It perhaps goes without saying that the use of oak galls in such an intimate region has caused gynecologists’some concern. Oak galls are created when a wasp lays eggs in a oak tree’s leaf buds so that the larva can develop inside and some online retailers have been claiming that grounding them into a paste can help tighten the vagina and get rid of any unpleasant odors’. The practice has been condemned by gynecologists and health care practitioners alike, with warnings that such a practice could lead to painful sex, a lack of healthy bacteria and an increased risk of contracting disease.
It seems that part of the reason for the oak gall craze is that the NHS offers little advice on the natural loosening of the vagina that can happen with age or the cosmetic treatments available for this. However, there are exercises recommended to women to help tighten their vaginal muscles after childbirth which include:
Squeeze and draw in your anus at the same time, and close up and draw your vagina upwards. Do it quickly, tightening and releasing the muscles immediately
Then do it slowly, holding the contractions for as long as you can, but no more than 10 seconds, before you relax. Repeat each exercise 10 times, four to six times a day.
I caught up with a therapist, Kate Ellen that teaches yoni egg practices as part of an emotional well-being course. She explained that over the years she has been practicing yoni egg practices and teaching she has noticed two main benefits, she goes on to say:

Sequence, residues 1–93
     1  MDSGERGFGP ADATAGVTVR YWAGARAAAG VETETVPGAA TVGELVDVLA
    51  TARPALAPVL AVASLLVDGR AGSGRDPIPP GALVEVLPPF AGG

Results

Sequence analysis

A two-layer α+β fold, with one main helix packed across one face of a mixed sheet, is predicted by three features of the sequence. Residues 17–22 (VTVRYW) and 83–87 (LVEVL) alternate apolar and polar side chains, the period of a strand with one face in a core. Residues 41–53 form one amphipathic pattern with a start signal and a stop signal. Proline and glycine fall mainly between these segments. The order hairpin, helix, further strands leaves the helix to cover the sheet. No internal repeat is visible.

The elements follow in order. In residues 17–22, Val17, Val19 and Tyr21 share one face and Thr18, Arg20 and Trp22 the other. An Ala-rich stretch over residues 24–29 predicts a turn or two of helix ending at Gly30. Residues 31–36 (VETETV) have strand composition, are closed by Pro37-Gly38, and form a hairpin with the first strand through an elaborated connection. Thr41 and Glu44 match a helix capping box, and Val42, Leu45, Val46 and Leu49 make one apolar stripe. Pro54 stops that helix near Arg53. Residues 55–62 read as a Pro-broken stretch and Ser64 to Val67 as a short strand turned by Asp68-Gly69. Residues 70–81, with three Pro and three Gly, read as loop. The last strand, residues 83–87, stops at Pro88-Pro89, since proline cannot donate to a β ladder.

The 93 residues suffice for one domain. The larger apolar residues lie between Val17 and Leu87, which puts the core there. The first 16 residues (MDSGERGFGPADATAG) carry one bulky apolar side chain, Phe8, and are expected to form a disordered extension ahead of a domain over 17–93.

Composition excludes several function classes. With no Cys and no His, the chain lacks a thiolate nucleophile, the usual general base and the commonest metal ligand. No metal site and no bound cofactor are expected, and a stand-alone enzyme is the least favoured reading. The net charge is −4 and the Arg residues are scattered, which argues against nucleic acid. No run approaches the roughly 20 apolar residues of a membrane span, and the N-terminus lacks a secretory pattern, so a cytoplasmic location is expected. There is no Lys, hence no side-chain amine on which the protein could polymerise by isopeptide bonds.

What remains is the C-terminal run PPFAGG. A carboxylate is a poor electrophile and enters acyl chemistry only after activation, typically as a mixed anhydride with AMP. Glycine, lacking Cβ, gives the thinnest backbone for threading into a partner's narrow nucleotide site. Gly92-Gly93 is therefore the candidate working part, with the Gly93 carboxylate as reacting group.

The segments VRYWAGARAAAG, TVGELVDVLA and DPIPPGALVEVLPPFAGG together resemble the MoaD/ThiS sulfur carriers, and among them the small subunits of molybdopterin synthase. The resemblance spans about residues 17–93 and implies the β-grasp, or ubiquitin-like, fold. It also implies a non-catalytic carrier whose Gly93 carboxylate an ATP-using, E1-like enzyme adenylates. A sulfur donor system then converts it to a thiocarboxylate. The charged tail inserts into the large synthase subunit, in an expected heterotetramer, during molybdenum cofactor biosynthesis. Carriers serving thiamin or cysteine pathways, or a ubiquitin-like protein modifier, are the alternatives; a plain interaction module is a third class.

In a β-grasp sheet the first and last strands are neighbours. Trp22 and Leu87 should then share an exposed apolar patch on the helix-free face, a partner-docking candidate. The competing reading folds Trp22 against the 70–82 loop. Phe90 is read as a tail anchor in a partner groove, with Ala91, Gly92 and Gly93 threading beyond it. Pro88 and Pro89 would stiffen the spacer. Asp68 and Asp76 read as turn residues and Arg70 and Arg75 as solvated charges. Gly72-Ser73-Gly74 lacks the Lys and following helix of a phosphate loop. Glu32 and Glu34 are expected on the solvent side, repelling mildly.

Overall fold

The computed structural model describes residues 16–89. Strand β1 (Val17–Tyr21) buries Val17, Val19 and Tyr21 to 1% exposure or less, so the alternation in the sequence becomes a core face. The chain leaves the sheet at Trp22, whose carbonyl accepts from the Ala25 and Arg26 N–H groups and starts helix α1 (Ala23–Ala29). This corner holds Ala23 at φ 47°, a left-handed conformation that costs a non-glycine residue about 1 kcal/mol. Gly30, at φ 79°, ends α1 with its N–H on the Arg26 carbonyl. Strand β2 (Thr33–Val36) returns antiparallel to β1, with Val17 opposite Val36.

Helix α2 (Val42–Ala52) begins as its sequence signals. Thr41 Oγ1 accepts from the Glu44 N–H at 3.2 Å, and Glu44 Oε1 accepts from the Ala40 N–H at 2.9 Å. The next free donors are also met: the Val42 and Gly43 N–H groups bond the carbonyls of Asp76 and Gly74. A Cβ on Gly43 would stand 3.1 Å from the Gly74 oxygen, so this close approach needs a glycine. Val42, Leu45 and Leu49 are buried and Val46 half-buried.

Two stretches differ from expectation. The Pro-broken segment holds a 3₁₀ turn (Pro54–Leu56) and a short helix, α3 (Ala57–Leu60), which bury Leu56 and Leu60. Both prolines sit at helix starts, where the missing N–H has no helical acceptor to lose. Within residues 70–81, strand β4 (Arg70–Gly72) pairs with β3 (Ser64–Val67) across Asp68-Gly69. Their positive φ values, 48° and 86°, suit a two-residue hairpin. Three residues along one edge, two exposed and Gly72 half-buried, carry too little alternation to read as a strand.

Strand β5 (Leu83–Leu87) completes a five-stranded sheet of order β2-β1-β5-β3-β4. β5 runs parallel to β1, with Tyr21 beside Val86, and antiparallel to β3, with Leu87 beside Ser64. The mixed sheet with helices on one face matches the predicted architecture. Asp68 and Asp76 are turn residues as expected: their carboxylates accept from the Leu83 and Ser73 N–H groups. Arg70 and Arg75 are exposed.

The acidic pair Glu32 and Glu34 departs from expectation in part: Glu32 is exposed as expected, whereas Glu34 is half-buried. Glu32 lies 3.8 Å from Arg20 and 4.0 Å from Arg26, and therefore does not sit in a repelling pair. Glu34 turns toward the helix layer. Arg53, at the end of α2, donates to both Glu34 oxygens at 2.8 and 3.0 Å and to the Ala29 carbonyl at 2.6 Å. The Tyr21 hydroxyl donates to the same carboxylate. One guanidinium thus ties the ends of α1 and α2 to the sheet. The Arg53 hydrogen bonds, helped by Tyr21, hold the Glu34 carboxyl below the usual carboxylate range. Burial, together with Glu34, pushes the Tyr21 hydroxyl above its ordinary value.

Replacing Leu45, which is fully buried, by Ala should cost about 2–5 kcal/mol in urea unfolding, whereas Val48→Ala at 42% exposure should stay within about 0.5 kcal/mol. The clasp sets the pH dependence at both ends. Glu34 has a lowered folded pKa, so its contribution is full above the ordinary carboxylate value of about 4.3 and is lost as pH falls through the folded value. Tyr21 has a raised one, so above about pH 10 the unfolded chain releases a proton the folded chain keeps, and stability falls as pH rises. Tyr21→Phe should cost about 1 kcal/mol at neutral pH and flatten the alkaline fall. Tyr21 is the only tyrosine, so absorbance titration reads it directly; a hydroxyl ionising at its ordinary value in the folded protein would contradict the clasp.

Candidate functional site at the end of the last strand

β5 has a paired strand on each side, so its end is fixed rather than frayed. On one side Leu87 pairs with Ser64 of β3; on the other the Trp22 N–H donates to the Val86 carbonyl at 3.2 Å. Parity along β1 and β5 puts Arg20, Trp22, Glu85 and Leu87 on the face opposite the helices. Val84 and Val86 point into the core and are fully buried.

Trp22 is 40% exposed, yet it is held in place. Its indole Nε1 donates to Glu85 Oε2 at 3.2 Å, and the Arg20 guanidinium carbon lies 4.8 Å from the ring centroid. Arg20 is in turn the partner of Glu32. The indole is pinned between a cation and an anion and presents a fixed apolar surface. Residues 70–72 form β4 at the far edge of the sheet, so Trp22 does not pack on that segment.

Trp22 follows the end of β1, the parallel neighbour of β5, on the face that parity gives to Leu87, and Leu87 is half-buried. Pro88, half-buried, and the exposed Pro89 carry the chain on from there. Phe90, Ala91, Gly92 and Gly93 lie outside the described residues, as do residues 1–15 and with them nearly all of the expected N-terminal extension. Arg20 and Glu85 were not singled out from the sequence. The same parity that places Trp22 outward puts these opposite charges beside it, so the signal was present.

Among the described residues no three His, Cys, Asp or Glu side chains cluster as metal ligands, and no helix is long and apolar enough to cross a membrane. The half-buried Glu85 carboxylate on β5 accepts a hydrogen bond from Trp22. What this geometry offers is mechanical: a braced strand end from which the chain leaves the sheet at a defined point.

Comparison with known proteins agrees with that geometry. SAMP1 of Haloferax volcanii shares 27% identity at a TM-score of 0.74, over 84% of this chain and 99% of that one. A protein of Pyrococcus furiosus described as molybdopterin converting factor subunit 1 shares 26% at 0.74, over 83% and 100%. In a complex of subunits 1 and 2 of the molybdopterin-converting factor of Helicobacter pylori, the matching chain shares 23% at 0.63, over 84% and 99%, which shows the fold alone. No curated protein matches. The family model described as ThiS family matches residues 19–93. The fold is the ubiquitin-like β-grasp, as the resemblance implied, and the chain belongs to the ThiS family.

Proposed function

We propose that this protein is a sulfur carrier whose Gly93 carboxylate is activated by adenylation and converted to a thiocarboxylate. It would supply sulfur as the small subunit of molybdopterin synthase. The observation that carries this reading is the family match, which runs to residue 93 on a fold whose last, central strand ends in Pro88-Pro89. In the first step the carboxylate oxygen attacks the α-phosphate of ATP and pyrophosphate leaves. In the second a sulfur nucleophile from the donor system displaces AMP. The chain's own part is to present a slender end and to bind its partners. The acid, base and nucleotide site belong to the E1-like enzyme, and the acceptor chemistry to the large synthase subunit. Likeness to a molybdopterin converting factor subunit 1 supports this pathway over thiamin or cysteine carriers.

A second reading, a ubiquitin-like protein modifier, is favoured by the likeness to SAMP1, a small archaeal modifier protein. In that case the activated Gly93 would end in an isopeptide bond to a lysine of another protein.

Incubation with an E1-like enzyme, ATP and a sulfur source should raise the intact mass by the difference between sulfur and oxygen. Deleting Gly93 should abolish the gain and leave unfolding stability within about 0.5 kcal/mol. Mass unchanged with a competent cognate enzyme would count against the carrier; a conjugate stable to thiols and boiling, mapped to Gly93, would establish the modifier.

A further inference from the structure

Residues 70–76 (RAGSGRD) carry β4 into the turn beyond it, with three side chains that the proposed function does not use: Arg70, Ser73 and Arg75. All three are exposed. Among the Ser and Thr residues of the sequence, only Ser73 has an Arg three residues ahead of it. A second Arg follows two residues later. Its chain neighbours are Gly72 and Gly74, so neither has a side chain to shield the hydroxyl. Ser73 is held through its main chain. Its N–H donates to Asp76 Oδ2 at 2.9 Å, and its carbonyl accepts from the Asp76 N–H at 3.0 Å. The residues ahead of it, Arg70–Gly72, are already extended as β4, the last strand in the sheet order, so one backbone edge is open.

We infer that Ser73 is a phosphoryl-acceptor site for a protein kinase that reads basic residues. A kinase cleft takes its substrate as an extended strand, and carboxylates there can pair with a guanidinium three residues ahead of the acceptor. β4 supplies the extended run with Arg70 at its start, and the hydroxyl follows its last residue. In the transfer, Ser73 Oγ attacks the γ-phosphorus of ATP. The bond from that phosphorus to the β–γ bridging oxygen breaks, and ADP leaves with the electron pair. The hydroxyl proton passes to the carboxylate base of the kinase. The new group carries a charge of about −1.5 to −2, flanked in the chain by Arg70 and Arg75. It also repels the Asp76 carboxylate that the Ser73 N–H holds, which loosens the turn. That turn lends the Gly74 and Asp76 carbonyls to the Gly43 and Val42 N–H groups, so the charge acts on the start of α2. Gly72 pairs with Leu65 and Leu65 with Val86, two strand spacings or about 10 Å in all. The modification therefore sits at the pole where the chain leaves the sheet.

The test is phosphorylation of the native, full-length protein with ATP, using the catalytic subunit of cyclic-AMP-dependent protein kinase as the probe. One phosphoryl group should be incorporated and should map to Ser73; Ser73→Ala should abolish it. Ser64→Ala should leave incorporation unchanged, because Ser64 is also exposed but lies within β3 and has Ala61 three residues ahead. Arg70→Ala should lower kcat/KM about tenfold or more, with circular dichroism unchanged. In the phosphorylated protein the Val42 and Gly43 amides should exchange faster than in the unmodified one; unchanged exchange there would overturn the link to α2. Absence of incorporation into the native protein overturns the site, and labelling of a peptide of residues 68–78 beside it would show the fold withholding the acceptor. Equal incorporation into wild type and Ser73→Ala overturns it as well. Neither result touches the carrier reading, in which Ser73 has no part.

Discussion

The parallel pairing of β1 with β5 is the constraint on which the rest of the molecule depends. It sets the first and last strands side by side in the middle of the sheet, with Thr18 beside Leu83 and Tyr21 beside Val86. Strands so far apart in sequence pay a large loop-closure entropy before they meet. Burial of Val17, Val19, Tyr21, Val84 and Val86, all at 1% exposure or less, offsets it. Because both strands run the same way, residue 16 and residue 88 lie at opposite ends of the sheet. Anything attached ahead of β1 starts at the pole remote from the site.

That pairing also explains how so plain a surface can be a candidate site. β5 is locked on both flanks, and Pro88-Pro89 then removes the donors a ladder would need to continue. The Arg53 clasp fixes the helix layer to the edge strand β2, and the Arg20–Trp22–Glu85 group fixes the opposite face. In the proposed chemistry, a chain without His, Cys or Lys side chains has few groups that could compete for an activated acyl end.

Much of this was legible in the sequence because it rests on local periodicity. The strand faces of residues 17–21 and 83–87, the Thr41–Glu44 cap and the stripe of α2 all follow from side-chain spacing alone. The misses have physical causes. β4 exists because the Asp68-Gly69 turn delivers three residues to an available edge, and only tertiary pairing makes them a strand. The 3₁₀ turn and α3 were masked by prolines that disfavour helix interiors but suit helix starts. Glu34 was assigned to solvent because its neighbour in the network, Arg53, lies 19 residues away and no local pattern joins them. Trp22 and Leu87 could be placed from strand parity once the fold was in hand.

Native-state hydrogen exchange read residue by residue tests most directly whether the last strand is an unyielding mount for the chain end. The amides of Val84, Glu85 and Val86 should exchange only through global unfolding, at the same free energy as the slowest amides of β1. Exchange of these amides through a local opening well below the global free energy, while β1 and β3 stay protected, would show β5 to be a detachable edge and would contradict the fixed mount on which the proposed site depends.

‘’ jade egg practice has helped me to come into a healthy and loving relationship with my pelvic floor area. I believe that jade egg exercises should be taught to young women at school for pelvic floor and yoni (vaginal) health. As we get older, and particularly after childbirth, the pelvic floor and vaginal muscles can weaken. However, they need to stay toned, like any other area of the body. Otherwise women can develop incontinence issues, which is distressing and affects day to day life. Using the jade egg helps to strengthen both the external PC (pubococcygeus) muscle, and the internal yoni (vaginal) muscles, which increases enjoyment and sensitivity during love-making. I’ve also found that it helps my posture and lower back health.’’ Well, this all sounds much better than ground up oak galls, but I guess the question has to be, ‘how exactly can a jade egg help the vaginal strength?’ Kate is quick to explain, ‘’yoni eggs are not just for strengthening the muscles, yoni eggs are healing stones. Nephrite jade is a very dense and pure source of jade, which can be used to help absorb negative energy. Rose quartz eggs can bring gentle loving energy into the yoni. Women who have suffered sexual abuse, or negative sexual experiences (most of us at some point), can use eggs in a conscious way to help absorb negative imprints, and bring positive energy into the yoni. ‘’ She continues, ‘’on a personal note, I particularly like using my jade egg during yoga practice, as a natural companion for mula bhanda (pelvic floor) contractions. Also for singing exercises! I often wear the egg in situations where I need to speak my truth and give a feminine viewpoint in an empowered way.’’ All good stuff, it seems and from a quick look into the Jade Egg practice it seems that Gwyneth Paltrow is quite a fan and recommends the practice enthusiastically on her website Goop.